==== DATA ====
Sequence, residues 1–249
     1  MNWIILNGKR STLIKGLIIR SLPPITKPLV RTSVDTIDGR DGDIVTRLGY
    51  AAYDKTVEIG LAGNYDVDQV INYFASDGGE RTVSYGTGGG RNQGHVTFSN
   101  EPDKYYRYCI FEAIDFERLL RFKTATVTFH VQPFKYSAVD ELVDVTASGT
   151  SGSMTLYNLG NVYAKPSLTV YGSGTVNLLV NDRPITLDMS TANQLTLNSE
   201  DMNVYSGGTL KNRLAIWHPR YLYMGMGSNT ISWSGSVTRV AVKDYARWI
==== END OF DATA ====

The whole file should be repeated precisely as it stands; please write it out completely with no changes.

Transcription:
Sequence, residues 1–249
     1  MNWIILNGKR STLIKGLIIR SLPPITKPLV RTSVDTIDGR DGDIVTRLGY
    51  AAYDKTVEIG LAGNYDVDQV INYFASDGGE RTVSYGTGGG RNQGHVTFSN
   101  EPDKYYRYCI FEAIDFERLL RFKTATVTFH VQPFKYSAVD ELVDVTASGT
   151  SGSMTLYNLG NVYAKPSLTV YGSGTVNLLV NDRPITLDMS TANQLTLNSE
   201  DMNVYSGGTL KNRLAIWHPR YLYMGMGSNT ISWSGSVTRV AVKDYARWI